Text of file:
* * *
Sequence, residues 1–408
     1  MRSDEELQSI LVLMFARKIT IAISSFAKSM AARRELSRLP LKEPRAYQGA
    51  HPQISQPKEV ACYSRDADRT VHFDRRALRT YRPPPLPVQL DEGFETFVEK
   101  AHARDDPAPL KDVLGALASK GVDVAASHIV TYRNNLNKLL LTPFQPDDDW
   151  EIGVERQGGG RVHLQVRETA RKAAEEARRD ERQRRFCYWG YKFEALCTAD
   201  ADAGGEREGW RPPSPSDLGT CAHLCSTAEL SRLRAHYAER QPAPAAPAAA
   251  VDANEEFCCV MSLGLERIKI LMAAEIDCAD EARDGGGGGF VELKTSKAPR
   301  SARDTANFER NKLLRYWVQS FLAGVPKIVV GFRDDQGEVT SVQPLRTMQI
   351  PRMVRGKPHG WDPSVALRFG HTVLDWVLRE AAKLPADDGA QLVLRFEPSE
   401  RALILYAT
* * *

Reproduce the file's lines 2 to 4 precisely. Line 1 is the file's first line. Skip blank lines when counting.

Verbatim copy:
     1  MRSDEELQSI LVLMFARKIT IAISSFAKSM AARRELSRLP LKEPRAYQGA
    51  HPQISQPKEV ACYSRDADRT VHFDRRALRT YRPPPLPVQL DEGFETFVEK
   101  AHARDDPAPL KDVLGALASK GVDVAASHIV TYRNNLNKLL LTPFQPDDDW